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Author Topic: My background, & why isn't VectorLinux more mainstream?  (Read 1890 times)
Kimdino
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Posts: 16


« on: February 05, 2011, 03:40:15 pm »

Hi folks,
I'm a bit different from most as MS-Windows is the strange system to me. I've been running the same Vector system for about three years and consider it hightime I got a bit more into the userbase.

My first experiences with a non-trivial computer system were in the mid 80s as a CAD draughtman on a Unix network. This system used shared a '286 CPU amongst its dozen terminals. I studied those manuals when I could hoping to be allowed to become an administrator but was never given access to the root password. However, this stood me in good stead for future 'nix experience.

At about this time I remember examining an IBM single user system running a system called DOS. Also a GEM type GUI that the makers called Windows. My nerdiness took me in this direction as these weren't secured and I could explore and tweak to my hearts content. So I settled in the MS groove until the internet became established in the mid to late 90s. At this point the lack of security in the MS platform became a severe weakness and I started looking back to Unix. However, I discovered that in the intervening years a lightweight 'nix system had become available called Linux. It had the Unix security and would run Unix software including X-Windows.

I played with trying to get a usable Linux system for a few years but it wasn't until Mandrake brought the required skill levels low enough for me to admin my box. I am still a lazy administrator and this has, in general, dictated my choice of OS since. When Mandrake released a very buggy version I moved to Ubuntu as the most grief free system at the time. When Ubuntu got hasslesome I moved to Vector.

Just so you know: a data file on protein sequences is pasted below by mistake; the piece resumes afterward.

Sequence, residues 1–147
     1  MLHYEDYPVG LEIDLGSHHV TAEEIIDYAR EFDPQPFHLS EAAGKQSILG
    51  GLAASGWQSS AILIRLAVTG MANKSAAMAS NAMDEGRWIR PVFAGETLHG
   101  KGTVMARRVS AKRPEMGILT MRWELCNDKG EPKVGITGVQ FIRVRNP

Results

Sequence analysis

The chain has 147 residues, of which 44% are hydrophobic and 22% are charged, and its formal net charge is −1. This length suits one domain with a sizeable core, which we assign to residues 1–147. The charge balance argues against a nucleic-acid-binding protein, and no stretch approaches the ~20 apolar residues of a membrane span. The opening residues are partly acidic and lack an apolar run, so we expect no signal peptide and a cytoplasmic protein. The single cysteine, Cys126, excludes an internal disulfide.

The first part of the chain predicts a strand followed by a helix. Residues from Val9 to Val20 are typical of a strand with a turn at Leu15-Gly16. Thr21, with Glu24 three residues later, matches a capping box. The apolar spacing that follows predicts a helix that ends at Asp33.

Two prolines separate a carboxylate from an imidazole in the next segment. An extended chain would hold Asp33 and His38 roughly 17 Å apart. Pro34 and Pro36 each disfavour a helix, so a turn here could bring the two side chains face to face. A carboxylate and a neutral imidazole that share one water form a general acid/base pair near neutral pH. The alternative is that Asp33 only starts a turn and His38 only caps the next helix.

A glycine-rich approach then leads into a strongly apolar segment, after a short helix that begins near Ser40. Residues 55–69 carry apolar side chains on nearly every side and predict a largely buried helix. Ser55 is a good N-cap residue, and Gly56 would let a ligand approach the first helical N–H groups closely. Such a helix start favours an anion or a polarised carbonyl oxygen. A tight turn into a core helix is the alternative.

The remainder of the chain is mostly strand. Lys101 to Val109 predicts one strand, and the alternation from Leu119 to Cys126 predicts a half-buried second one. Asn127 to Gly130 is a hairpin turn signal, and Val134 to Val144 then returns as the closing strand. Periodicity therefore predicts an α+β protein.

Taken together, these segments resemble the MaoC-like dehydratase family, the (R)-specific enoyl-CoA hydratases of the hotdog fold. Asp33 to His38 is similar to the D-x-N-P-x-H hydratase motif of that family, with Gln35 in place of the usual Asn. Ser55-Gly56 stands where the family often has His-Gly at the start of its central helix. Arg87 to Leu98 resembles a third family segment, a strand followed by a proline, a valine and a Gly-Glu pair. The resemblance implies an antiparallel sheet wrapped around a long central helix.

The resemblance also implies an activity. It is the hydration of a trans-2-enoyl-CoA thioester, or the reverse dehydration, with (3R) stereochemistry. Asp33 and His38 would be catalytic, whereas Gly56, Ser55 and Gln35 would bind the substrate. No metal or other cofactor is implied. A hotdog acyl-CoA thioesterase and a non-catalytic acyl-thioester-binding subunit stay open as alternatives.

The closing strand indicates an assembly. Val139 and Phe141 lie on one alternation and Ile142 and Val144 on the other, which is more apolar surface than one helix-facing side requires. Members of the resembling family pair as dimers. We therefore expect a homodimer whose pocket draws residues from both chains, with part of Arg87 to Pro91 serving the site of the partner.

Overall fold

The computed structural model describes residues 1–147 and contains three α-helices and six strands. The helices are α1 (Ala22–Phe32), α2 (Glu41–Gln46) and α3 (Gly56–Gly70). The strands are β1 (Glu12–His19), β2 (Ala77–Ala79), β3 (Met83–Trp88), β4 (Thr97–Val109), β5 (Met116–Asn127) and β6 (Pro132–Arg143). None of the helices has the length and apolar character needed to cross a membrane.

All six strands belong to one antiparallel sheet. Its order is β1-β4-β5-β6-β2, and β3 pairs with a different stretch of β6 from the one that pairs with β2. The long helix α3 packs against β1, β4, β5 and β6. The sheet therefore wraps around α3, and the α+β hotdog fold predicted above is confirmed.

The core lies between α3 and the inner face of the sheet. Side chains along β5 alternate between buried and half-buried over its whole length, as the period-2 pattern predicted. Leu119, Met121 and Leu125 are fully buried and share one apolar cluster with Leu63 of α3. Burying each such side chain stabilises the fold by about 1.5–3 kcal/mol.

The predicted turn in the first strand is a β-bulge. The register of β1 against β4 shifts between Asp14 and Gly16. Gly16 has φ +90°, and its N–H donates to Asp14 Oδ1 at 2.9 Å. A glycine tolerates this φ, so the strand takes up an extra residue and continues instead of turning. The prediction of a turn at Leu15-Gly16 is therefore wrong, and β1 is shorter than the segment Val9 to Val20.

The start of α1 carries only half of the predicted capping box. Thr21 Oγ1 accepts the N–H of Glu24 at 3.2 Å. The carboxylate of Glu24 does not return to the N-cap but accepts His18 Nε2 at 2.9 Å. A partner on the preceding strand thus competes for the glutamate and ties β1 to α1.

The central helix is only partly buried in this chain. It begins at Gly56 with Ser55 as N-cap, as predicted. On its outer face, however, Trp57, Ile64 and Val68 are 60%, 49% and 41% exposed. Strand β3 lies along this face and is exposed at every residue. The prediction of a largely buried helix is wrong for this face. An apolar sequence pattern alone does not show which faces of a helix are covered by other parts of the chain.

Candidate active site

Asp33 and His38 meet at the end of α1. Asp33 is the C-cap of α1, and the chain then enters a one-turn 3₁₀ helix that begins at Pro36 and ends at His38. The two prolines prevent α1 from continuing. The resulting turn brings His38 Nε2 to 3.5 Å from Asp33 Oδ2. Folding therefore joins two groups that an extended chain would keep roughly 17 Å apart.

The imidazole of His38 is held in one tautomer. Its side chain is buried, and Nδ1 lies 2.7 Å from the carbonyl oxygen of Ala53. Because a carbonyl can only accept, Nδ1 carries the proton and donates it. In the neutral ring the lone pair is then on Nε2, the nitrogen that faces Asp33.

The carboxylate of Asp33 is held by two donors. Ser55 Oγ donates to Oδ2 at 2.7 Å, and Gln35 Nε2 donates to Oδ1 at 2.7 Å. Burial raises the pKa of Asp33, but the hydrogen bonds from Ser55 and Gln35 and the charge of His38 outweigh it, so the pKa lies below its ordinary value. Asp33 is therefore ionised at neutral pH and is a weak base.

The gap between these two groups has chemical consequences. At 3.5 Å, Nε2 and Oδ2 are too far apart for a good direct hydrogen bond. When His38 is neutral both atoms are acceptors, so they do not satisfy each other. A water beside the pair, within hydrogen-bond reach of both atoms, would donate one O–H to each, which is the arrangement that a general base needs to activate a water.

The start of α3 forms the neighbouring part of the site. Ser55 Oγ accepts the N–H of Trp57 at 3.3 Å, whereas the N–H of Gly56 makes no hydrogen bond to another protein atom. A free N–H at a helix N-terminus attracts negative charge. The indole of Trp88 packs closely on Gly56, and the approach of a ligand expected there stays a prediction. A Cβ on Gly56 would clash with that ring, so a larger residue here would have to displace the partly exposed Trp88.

I describe myself as a gamma tester. I take the view that a computer user should not need to know anything about the system, only how to ask for and run the applications they desire. This ideal system should only ask superficial maintenance (e.g. emptying trash) of the user and keep running for years in this way. In short I expect my computer to fulfill my demands and not make demands of me. Not quite there yet but almost.

So my ideal OS would be built on a good solid base such as Slackware. Add some easy to use GUI admin tools. Place this on an installation CD that you start, select your choices and wander off to put the kettle on. While sipping your tea you discover that you have a full working computer system up and running with most of the apps that you want already installed. Sound familiar? Many thanks to the VL crew.

BTW Work requirements have had me occasionally work with this OS called Windows XP. What a slow painful installation process, much rebooting and hunting down drivers - 'insert this', 'insert that', 'can't find this'. And even when eventually installed the problems keep on happening with having to be permanently on the defence against intrusion. I'll stay with a good solid 'nix system,  thank you.

Cheers, Kimdino
« Last Edit: February 05, 2011, 03:42:25 pm by Kimdino » Logged
Murdock
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Posts: 76


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« Reply #1 on: February 05, 2011, 08:33:23 pm »

Nothing super high quality ever goes "mainstream", even when it is free.
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nightflier
Administrator
Vectorian
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Posts: 4026



« Reply #2 on: February 06, 2011, 05:41:24 am »

Hi and welcome to the community, Kimdino.

I think VL reflects the preferences of those who use and create it. As our wants and needs change, we modify our OS to suit us, rather than change ourselves in order to follow every fad and copy whatever is popular at the moment. If that puts us outside the mainstream, so be it.
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